Bringing words to life through story telling

By Kaula Nhongo
February 2013
Women in Business
Children who learn how to read at an early age tend to love school immediately. Their self-worth and social skills improve and they are better prepared to be successful in life.

This, according to Helvi Wheeler, was the main drive behind the inception of Yambeka Children Media (YCM); a company that publishes children’s books in African vernacular.

Wheeler’s story is that of luck, fate and hard work. She has risen from an illiterate childhood to an educator in her own right, proving that nothing is impossible.

The 35-year-old grew up in refugee camps in Zambia and Angola because her parents had fled the country during the liberation struggle. At the age of 10, she returned to Namibia to start school for the very first time. The only education she had received at that time was from her father who had taught her the alphabet while in the refugee camps.

As ambitious as she was, she was not able to pass Grade 12. Still driven and hungry for success and with a passion for acting, Wheeler tried her chances at the University of Namibia (Unam) where she aced an interview to study Performing Arts. Sadly, she did not qualify because of her Grade 12 grades.

Broke but not broken, she looked for other means to bring her dream to life. She did odd jobs for two years and managed to raise enough money to go to the United States of America.

There, she met and married her husband in 2007. While pregnant, her gynaecologist advised her to read to her unborn baby. Because she wanted her unborn son to understand and be able to speak Oshiwambo just like her, she looked for story books in her native language on the internet but could not find any.

“After inquiring from the people back here at home, I discovered that there were no vernacular story books from Namibia,” she says.

After her baby was born, Wheeler took pictures of her child’s body parts and made a picture-book where she named the different body parts in Oshiwambo. She posted the picture-book on www.lulu.com, where it became an instant hit, as other Namibians around the world wouldn’t stop watching and spreading the word. They even wanted her to send them copies of the book. This effectively gave birth to the idea of starting YCM.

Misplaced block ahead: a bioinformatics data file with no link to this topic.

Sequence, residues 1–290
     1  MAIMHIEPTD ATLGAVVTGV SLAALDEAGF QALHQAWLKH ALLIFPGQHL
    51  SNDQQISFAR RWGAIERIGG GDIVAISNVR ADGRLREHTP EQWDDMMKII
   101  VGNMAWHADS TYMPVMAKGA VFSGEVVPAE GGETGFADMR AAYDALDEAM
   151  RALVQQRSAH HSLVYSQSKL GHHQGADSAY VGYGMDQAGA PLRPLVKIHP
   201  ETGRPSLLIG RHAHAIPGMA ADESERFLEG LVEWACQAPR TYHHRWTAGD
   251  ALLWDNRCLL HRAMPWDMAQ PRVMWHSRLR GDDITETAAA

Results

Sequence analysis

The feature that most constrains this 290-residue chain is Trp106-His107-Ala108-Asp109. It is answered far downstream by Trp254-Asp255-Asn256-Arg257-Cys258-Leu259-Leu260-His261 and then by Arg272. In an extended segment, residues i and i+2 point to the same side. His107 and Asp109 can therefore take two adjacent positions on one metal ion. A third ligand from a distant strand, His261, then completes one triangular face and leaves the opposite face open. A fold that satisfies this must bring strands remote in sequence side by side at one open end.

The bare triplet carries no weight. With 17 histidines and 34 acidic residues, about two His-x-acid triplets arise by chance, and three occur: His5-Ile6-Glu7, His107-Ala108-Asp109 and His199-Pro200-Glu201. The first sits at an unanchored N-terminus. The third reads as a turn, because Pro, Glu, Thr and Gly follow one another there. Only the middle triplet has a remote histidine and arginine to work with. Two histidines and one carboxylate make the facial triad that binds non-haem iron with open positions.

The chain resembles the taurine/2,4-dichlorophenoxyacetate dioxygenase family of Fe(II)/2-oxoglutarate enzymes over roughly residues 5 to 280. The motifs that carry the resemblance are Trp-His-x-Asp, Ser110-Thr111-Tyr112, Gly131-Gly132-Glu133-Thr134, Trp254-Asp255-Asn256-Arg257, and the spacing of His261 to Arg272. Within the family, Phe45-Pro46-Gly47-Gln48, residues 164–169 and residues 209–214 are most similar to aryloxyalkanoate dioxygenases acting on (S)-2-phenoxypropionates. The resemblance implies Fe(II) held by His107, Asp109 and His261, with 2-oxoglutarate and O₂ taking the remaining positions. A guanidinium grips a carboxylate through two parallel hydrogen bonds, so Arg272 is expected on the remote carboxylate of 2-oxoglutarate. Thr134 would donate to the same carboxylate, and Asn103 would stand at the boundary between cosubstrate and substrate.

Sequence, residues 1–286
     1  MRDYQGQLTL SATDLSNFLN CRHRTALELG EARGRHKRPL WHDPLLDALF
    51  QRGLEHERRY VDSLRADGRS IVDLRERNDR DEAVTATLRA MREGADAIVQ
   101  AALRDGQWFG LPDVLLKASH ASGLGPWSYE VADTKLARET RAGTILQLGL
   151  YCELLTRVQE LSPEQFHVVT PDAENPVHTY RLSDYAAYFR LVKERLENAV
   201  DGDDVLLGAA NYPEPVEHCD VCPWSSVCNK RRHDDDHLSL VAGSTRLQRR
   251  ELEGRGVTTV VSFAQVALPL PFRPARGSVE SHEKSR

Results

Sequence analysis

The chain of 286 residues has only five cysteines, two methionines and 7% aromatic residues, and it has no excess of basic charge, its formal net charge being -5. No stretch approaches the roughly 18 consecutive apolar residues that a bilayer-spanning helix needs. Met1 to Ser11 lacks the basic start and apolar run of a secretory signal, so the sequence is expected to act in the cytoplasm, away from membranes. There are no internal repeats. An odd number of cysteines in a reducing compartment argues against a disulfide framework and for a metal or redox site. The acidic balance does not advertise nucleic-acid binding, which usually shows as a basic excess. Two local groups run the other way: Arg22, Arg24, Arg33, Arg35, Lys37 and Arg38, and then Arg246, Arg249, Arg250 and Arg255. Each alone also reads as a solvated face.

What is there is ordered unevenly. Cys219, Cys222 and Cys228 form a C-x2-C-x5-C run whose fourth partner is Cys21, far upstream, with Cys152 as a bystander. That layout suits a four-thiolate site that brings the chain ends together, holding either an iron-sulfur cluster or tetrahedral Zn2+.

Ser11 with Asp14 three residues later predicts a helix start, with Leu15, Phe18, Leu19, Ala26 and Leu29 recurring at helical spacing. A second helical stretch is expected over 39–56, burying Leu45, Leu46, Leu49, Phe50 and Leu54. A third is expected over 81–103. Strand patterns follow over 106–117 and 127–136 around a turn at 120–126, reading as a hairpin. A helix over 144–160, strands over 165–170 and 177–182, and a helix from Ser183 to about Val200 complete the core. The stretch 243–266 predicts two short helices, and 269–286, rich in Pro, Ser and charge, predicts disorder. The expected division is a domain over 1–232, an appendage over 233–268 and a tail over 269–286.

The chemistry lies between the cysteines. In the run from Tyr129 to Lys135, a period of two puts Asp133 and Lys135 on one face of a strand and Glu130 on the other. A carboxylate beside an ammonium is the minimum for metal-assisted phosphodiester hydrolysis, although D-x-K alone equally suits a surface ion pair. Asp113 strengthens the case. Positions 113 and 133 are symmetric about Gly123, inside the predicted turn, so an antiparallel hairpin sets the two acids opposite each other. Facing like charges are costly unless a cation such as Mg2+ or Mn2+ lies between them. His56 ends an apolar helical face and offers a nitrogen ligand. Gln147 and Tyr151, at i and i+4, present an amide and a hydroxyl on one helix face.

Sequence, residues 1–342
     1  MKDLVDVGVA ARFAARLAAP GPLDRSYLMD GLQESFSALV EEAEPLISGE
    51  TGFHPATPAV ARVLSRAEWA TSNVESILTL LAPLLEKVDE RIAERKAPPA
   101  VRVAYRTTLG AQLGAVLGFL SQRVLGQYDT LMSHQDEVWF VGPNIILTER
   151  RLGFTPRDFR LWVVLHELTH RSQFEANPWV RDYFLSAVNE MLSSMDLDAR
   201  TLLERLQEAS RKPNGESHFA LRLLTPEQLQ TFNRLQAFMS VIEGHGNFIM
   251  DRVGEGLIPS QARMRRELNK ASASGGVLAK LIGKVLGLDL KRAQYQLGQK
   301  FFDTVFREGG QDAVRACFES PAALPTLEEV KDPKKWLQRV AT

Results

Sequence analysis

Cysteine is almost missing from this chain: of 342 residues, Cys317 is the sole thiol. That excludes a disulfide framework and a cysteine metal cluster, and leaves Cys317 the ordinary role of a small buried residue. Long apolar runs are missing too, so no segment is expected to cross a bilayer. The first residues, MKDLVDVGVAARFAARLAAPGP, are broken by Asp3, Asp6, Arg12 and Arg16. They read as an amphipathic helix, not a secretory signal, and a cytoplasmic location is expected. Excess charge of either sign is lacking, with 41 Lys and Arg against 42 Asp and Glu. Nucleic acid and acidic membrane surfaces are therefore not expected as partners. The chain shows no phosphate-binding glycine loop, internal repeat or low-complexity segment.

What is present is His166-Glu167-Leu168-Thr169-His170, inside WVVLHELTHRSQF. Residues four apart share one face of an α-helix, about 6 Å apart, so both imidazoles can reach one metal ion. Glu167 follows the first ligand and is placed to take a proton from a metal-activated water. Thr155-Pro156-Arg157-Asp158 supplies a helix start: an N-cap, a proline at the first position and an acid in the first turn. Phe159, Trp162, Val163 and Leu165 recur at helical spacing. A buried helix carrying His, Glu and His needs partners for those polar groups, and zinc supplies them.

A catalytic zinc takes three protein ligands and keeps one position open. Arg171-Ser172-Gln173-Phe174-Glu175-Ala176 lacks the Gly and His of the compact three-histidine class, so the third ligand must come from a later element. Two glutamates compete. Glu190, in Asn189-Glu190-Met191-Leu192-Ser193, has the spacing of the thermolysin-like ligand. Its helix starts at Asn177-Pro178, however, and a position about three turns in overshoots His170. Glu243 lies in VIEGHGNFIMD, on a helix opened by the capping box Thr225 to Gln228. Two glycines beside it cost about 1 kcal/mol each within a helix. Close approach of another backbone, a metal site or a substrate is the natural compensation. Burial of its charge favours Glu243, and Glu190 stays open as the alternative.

“The picture-book was not even professionally done. But I discovered that people were interested and were craving for these books and stories,” she narrates.

Before she could set things in motion, Wheeler and her family moved to Kenya in 2009 to do volunteer work for children. However, she still held on to the idea of starting her literature company some day.

In Kenya, she set everything in motion and visited local book stores to check whether or not they had any children’s books in Swahili but they did not. After establishing YCM with her own savings, Wheeler put pen to paper and started writing her first official book in Swahili for children between the ages of three and seven entitled, Baby’s First Kiswahili Book, which helps kids identify simple words and objects.

In December 2010, she returned to Namibia, eager to do in her country what she had done in Kenya. She published her second book, Linamwenyo (“Animals”, in Oshivambo); a picture book with the names of common animals, for children aged between three and nine, in Oshiwambo and English.

While she yearned to do more, she would need funds to publish more books. Fortunately, the National Arts Council heard her plight and intervened by giving her money to help publish three more books; Nehoya and the Crocodile, Kishikishi the Bad Monster and The Jackal and the Hyena.

Wheeler writes the fictional stories she grew up listening to. Her picture books depict nature and its animals.

“People do not sit around the fire telling stories anymore. Instead, they put them in books. I want the world to know about our African stories and be proud of our culture. Our children know about Cinderella and many other European fairytales. Why can we not learn about African tales told by us?” she asks.

In a bid to leave a legacy for Namibian children, Wheeler has managed to get her books sold in local bookstores like Book Den, Eduments and the Hilton gift shop. The National Library has also started storing her books. The colourful soft and hard covered books costs range from N$50 to N$70 each.

Five of Wheeler’s books were last year awarded the Literacy Award at the Namibian Children’s Book Forum for their outstanding contribution to Namibia’s literacy.

Last year, YCM collaborated with Franco Namibia Cultural Centre (FNCC), Goethe Zentrum, the American Cultural Center, the Spanish Embassy and Unesco towards establishing the first Namibian youth book fair. This is to help develop a reading culture among children and the youth in Namibia, with the aim of sensitising the general public on the importance of reading and writing.

During the book fair, YCM and Unesco visited more than five public schools and read the traditional YCM stories to the children.

In future, YCM plans to start producing educational games, flashcards, posters and puzzles. “I would also like to see the books turned into cartoons for local television stations,” Wheeler says.

Wheeler’s story is a testament to the fact that one’s start in life does not need to determine their future. Rather, it is the passion and determination that ultimately do. PF